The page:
Alex Walmsley: How the prop leads the St Helens try-scoring charts
By Marc Bazeley
Last Updated: 18/09/20 12:36pm
Even given the strangeness of this pandemic-affected Super League season, it is highly unlikely many would have predicted the man who would be the leading try-scorer for St Helens at this stage.
Some would have perhaps picked Regan Grace or the currently suspended Tommy Makinson. Others may have said Lachlan Coote or Kevin Naiqama. Either way, it would be a surprise if Alex Walmsley featured high on the list of potential candidates.
Yet the prop is in a particularly rich vein of form when it comes to crossing the whitewash, with seven to his name so far in 2020 - five of which have come in St Helens' six games since the season resumed.
It is not particularly down to Saints using him in a different way or adjusting his game, but head coach Kristian Woolf has seen subtle improvements in some facets of the England and Great Britain international's game which have led to him putting in a string of fine all-round displays.
"It's great he's scoring tries and he likes to let us know he's scoring plenty of tries as well," Woolf said. "He's obviously a terrific player.
"He's a little bit unique as a player as well and that makes him really hard to handle. I really like the way he's gone about his work since lockdown in particular - that's both with and without the ball.
"Quite often he gets the plaudits with the ball, but I think what he's doing without the ball is really good as well and he's made some real improvements there. I'm happy with his form and we need to keep going, obviously."
Quite often he gets the plaudits with the ball, but I think what he's doing without the ball is really good as well and he's made some real improvements there.
Kristian Woolf on Alex Walmsley
Walmsley's talent has always been evident, be that from his amateur days with Dewsbury Celtic when he was named National Conference League player of the year in 2011 or when he stepped up to professional level with Batley Bulldogs and won their player of the year and Championship young player of the year accolades in the same season.
Since moving to St Helens in 2013, the forward has become a cornerstone of their pack too, helping the club to Super League Grand Final triumphs in 2014 and 2019, along with being named in the Dream Team and nominated for Man of Steel in 2015 followed by earning international caps.
Standing at 6ft 5in and weighing just over 18st makes Walmsley physically imposing for defenders to deal with anyway, but Sky Sports rugby league expert and former international prop Barrie McDermott has noticed how much he has progressed in the technical side of the role during the past seven years.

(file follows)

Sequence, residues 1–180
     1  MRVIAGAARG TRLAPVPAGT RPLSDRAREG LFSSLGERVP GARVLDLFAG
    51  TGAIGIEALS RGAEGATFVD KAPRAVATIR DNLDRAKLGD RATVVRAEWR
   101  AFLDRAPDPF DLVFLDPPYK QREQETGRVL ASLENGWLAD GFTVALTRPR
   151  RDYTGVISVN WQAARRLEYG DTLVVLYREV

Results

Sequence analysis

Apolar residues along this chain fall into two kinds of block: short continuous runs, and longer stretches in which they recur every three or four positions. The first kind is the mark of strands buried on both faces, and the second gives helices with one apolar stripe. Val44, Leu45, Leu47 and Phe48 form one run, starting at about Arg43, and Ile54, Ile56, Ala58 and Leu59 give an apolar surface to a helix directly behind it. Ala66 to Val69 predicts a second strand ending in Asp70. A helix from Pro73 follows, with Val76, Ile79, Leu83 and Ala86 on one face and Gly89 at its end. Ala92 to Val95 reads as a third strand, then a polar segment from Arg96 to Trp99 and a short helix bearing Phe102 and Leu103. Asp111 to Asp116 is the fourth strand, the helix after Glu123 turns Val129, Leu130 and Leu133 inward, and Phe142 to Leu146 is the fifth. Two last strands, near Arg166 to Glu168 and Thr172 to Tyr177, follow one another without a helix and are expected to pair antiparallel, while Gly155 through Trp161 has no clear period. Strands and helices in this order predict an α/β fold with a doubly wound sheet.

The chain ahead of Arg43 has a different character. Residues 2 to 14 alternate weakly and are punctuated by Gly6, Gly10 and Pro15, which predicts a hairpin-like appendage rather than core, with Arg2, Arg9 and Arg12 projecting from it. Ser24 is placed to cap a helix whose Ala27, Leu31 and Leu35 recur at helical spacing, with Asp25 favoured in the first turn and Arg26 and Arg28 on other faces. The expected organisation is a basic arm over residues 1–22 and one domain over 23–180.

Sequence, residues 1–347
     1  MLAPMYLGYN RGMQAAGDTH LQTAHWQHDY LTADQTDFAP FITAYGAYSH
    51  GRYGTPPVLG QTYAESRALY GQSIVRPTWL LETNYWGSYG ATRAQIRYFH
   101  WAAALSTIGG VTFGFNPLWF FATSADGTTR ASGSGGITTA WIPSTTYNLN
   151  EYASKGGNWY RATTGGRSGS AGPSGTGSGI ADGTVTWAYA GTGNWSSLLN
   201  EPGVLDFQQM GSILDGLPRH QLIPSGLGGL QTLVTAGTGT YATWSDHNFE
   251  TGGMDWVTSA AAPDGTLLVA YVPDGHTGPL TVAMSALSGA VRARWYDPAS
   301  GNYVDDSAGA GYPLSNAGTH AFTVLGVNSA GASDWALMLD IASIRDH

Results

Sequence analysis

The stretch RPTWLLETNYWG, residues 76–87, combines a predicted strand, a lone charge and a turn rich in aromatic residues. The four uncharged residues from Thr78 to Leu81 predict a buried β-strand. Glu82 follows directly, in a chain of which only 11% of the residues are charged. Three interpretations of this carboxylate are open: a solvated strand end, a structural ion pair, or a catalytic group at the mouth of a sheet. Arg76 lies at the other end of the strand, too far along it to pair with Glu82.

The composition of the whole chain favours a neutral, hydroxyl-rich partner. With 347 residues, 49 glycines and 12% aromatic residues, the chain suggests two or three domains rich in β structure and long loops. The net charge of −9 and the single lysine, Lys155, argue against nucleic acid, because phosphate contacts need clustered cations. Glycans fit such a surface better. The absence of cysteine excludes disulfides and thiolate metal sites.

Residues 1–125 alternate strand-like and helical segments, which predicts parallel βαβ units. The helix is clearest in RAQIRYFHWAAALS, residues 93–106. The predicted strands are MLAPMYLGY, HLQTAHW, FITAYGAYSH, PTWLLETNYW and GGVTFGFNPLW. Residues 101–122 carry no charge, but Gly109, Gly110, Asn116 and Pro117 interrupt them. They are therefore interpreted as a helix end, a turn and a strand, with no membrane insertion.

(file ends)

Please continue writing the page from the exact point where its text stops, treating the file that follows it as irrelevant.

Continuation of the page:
"He's in his prime and that's the reality of his situation," McDermott told the Golden Point Podcast.
"I like to quote [former Batley head coach] John Kear who said when he watched him for Dewsbury Celtic, he was too big, he was too hard to handle and nobody could stop him, but he didn't know what he was doing. He went to Batley, nobody could handle him, but he didn't know what he was doing.
"He went to Saints and at first he was too big and nobody could handle him, and he was just getting used to what he was doing. Now he has absolutely nailed what his role and what his job is."
The 30-year-old's physical attributes makes him particularly difficult to stop when up to speed, with all of his tries since the restart coming in a similar manner where he has taken the ball around or within 20 metres of his opponents' line.
McDermott puts that down to the work being done by the man alongside him in the front row, citing how much of his best periods of form when playing for Leeds Rhinos coincided with having Terry Newton and Matt Diskin in the team with him.
It's no coincidence that when I played at my best, I always had an exceptional No. 9 and a hooker who gave me the ball when I needed it.
"It's no coincidence that when I played at my best, I always had an exceptional No 9 and a hooker who gave me the ball when I needed it," McDermott said.
"I never got over-called with Terry Newton or Matt Diskin later on, because if I called for it, I got it. When I got those crisp passes, they bought me half a second, which was another metre and a bit.
"As well as that in terms of what I gained, I might have got a retreating defender or the wrist part of the tackle instead of the crease of the elbow or shoulder. So, I would put a lot of what is going on down to James Roby."
That is borne out by the fact four of Walmsley's recent tries have come via assists from his hooker, with Roby providing two and up-and-coming pivot Aaron Smith on hand to set up two of his others.
Of course, as Woolf points out front rows tend to get plenty of ball from their hookers anyway, but even so he has been pleased with the work Roby and Smith have been doing recently too.
"He's got two good blokes inside him to give him the ball there," Woolf said. "James Roby has been an outstanding player and has been for a long time, and I'm really happy with how Aaron Smith has come on as well.
"The more he has played the better he has got, and he has made a lot of improvements with and without the ball. I was really impressed with what he did against Huddersfield where we asked him to play some big minutes.
"I thought he did a terrific job there too, so we're happy with how he's progressing as a player too and that's the direction we need to be going in."